The Canberra construction company that employed Wayne Vickery, a construction worker killed in a 2011 grader accident, has now pleaded guilty  to safety failings which resulted in the fatal incident.

The 45 year old worker was killed on a Macgregor site belonging to Canberra Contractors Pty Ltd.

Mr Vickery was described as a construction veteran who had been crouching down to check ground levels while building roads in a new residential housing estate when a grader reversed into him.

The company initially planned to fight the charges but changed their plea to guilty earlier this month.

Read more here.

White Card Update: Addressing Bullying From Senior Staff

Employers should understand the importance of addressing bullying in the workplace but we need to recognise that bullying doesn’t always occur horizontally, between employees or colleagues, bullying can also occur from the top down.

A recent case which took place at Mount Thorley is an example of bullying from senior staff down to lower level employees.

Mine workers at the Mount Thorley Warkworth mine have alleged that they were bullied and harassed by senior staff at the mine and have lodged complaints against the supervisors in production and maintenance areas of the mine.

The CFMEU has lodged complaints on behalf of the 8 employees who claim that their supervisors at the mind had bullied them. The complaints have been lodged at the NSW Department of Trade and Investment mine safety office.

The CFMEUs union district president Peter Jordan reiterated that no workers should ever be bullied in the workplace and it is important that we take all bullying and harassment complaints seriously but even more so when it comes from eight separate employees within a single workplace.

Jordan explained that it was unusual for complaints to be lodged against supervisors from so many workers at the mine, usually individual members would lodge complaints against other workers at other mines.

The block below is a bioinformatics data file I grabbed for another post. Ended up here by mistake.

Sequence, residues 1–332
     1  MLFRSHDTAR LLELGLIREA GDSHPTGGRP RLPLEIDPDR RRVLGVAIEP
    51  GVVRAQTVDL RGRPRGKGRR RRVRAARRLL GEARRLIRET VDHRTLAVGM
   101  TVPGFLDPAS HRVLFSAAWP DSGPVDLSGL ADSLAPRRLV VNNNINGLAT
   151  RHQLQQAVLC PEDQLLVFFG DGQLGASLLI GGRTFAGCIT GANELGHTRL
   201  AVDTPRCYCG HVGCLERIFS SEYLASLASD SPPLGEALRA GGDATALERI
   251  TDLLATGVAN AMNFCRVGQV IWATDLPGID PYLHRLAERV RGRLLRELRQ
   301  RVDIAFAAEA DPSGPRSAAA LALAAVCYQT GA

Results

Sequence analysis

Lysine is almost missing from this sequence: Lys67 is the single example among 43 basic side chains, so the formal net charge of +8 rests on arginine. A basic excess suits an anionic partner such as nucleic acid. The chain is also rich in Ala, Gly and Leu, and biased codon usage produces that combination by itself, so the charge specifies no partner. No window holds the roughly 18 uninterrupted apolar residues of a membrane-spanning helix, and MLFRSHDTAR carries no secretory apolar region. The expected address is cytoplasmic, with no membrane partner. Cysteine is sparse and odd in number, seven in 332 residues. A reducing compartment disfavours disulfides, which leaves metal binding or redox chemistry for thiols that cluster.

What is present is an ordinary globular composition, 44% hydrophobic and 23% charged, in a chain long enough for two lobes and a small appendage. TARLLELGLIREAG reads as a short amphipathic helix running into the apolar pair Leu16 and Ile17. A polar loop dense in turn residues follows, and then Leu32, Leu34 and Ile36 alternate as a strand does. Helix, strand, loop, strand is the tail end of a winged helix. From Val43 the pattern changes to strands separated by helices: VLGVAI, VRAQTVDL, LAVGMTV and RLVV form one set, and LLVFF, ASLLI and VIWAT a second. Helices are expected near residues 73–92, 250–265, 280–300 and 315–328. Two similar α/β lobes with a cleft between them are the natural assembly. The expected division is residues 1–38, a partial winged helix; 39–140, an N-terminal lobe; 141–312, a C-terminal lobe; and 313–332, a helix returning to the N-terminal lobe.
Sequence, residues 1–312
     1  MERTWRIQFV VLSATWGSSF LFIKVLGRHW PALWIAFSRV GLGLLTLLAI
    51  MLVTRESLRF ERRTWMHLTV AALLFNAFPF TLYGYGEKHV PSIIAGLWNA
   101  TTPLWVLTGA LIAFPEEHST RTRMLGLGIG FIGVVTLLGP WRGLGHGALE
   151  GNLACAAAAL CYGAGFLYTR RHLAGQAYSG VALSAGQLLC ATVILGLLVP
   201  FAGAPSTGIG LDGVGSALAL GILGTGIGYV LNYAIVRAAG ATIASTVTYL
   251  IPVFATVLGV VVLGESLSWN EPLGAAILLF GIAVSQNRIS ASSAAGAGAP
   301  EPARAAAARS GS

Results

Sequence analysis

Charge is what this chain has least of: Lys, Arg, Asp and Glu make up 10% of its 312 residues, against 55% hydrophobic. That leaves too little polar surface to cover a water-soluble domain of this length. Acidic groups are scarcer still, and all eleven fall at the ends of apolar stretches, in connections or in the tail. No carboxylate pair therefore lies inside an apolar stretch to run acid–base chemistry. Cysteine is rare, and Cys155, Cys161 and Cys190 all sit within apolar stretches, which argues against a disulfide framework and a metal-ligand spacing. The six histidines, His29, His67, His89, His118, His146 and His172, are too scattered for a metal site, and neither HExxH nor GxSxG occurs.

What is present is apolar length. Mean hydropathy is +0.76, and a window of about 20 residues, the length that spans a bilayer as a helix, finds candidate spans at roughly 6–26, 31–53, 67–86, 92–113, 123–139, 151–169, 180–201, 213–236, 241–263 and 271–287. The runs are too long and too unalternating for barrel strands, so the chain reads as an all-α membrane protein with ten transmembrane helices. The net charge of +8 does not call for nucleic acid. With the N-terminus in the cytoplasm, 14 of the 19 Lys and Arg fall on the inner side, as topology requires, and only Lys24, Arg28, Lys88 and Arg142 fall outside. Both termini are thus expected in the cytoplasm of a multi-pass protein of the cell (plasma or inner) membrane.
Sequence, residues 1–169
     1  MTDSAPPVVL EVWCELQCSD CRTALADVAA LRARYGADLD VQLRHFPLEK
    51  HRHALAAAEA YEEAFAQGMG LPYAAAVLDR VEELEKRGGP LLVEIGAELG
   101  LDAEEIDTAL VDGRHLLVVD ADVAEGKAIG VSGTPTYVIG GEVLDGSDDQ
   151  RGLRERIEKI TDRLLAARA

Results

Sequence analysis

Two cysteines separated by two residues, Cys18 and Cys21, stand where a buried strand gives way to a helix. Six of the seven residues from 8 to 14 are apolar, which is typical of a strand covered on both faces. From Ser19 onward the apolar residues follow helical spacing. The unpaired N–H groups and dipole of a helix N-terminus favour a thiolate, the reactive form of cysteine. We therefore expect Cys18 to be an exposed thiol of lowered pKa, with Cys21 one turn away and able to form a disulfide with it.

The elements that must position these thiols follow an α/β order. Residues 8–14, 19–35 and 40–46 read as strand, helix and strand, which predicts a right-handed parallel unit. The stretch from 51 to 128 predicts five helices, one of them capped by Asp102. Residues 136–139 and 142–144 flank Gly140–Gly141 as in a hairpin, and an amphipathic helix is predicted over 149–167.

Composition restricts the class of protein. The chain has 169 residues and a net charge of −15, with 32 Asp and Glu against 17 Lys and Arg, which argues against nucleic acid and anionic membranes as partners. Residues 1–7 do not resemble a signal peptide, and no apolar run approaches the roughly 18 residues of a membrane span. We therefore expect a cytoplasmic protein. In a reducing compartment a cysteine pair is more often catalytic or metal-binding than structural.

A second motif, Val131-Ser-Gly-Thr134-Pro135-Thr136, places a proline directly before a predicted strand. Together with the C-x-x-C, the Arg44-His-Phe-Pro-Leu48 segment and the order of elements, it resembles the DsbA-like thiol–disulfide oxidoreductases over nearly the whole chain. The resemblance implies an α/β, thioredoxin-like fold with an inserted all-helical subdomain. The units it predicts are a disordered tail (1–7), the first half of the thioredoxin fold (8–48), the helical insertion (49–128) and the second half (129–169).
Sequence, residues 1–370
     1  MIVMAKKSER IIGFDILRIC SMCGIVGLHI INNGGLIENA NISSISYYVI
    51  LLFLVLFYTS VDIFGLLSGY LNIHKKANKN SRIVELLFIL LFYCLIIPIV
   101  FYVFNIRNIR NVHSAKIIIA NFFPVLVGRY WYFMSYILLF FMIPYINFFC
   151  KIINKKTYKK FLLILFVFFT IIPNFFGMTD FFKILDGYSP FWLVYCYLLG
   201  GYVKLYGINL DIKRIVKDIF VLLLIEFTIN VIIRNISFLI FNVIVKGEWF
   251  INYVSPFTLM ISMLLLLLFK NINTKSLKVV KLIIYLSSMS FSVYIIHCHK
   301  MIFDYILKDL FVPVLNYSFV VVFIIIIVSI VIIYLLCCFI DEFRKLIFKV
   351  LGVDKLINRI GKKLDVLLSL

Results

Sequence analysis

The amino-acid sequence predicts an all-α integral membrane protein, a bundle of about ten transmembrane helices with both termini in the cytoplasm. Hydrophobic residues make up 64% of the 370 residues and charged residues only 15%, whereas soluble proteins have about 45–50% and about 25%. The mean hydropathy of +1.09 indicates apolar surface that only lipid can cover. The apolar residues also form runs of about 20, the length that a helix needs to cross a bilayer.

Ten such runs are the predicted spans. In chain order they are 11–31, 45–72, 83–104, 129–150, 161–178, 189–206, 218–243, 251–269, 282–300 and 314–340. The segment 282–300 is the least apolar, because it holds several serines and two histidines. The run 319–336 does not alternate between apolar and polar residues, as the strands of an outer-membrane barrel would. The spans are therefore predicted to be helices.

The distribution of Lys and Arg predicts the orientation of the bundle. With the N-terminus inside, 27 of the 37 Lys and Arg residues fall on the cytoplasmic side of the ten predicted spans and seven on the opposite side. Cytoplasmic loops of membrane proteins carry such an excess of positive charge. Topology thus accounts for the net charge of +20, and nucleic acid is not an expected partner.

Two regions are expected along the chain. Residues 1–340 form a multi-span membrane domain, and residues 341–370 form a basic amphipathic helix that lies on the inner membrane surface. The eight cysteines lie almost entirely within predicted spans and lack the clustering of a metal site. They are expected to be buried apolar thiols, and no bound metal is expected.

A spokesperson from Mount Thorley Warkworth recently said in a statement:

Mount Thorley Warkworth mine workers claim bullying Newcastle Herald“Mine safety operation inspectors are investigating under the Work Health and Safety Act,” the spokesman said.

“They have recommended that the company form a panel to further investigate the allegations, resolve the issue and report back to the inspectors.”

Source: http://www.theherald.com.au/story/2381727/mount-thorley-warkworth-mine-workers-claim-bullying/

 

A panel consisting of Rio Tinto representatives and a CFMEU mine site check inspector will be considering the case within the next few weeks. According to a spokesperson from the mine, the company had clear standards which upheld the rights of all employees but other companies can save themselves this kind of problem by educating employees including management about bullying and monitoring the situation on worksites regularly. Employers should never wait until the situation gets out of hand before addressing the problem, especially when there are a number of workers making the same complaints. Ignoring even one complaint is bad enough, but when it takes 8 workers lodging complaints for action to be taken, the situation is out of hand.